Image Credit: ESO

This fantastic new image from the ESO focuses on Messier 47, as seen by the MPG/ESO 2.2-meter telescope at ESO’s La Silla Observatory in Chile. Messier 47 is comprised of an open cluster of stars situated about 1,600 light-years from our humble abode, in the constellation of Puppis.

You wouldn't be able to tell by looking at it, but Messier 47 is actually one of the least densely populated open star clusters in the galaxy. Across the 12 light-years of spacetime the cluster inhabits, only about 50 stars are spread throughout. Whereas, other notable clusters, many of which are included in the Messier catalog, generally hold hundreds, if not thousands, of stars.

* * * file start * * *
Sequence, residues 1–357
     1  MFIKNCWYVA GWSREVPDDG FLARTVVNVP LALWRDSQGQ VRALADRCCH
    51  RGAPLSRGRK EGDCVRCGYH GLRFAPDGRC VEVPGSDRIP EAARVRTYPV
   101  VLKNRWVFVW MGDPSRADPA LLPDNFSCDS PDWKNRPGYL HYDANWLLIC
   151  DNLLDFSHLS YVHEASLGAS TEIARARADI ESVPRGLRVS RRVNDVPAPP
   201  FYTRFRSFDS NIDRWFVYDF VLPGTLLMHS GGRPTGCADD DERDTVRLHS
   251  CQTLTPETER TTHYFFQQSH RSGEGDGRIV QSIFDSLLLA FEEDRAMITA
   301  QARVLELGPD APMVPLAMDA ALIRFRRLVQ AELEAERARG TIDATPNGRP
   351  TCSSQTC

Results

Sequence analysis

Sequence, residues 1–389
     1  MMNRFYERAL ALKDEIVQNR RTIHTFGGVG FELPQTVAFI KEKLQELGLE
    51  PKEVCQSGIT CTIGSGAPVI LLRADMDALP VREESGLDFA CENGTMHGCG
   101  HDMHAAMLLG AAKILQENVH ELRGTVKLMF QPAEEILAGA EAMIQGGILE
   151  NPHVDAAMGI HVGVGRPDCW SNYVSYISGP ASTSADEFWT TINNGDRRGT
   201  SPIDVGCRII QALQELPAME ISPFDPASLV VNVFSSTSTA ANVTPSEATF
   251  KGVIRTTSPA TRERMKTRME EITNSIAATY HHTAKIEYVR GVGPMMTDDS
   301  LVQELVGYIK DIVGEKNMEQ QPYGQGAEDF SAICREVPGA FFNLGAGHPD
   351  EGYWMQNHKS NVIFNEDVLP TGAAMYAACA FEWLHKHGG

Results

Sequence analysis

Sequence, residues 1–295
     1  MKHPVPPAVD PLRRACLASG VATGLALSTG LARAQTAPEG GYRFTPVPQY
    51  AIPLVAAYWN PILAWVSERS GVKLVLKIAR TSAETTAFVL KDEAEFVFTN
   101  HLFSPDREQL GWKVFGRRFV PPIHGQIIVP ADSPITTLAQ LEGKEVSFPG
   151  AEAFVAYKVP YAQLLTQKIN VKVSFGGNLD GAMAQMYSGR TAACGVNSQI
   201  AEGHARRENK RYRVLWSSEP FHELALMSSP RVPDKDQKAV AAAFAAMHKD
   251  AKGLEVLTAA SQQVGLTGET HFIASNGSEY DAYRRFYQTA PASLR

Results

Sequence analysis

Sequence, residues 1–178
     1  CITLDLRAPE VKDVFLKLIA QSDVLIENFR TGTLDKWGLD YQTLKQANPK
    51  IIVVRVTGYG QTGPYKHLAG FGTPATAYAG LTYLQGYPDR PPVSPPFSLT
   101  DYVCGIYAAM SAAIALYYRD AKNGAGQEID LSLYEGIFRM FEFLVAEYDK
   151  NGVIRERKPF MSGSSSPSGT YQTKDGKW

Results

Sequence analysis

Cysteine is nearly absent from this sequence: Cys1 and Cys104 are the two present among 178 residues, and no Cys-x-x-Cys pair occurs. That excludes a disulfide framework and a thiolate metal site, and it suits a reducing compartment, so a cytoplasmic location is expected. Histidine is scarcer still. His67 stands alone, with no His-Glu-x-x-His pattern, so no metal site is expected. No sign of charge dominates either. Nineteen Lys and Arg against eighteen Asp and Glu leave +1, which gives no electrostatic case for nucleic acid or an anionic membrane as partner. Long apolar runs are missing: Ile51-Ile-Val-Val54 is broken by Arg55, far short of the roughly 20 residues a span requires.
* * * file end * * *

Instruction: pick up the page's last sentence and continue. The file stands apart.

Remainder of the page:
Its 'neighbor' is counted among them. Called Messier 46, this open cluster of about 500 stars is technically much farther away — about 5,500 light-years distant (roughly 4,000 light-years farther than Messier 47) — yet they appear close together in the sky. The distance, paired with the fact that Messier 46 is the older of the two, Messier 47 is brighter from Earth.

However, the stars it does have are impressive. As you can see, it has numerous red and blue stars, each represents a high-mass star with an exceptionally hot temperature, or an older, therefore cooler, star. If you aren't noticing a pattern here, let me refer you to a section in the ESO's press release:

The ESO's new snapshot was taken as a part of its Cosmic Gems program.

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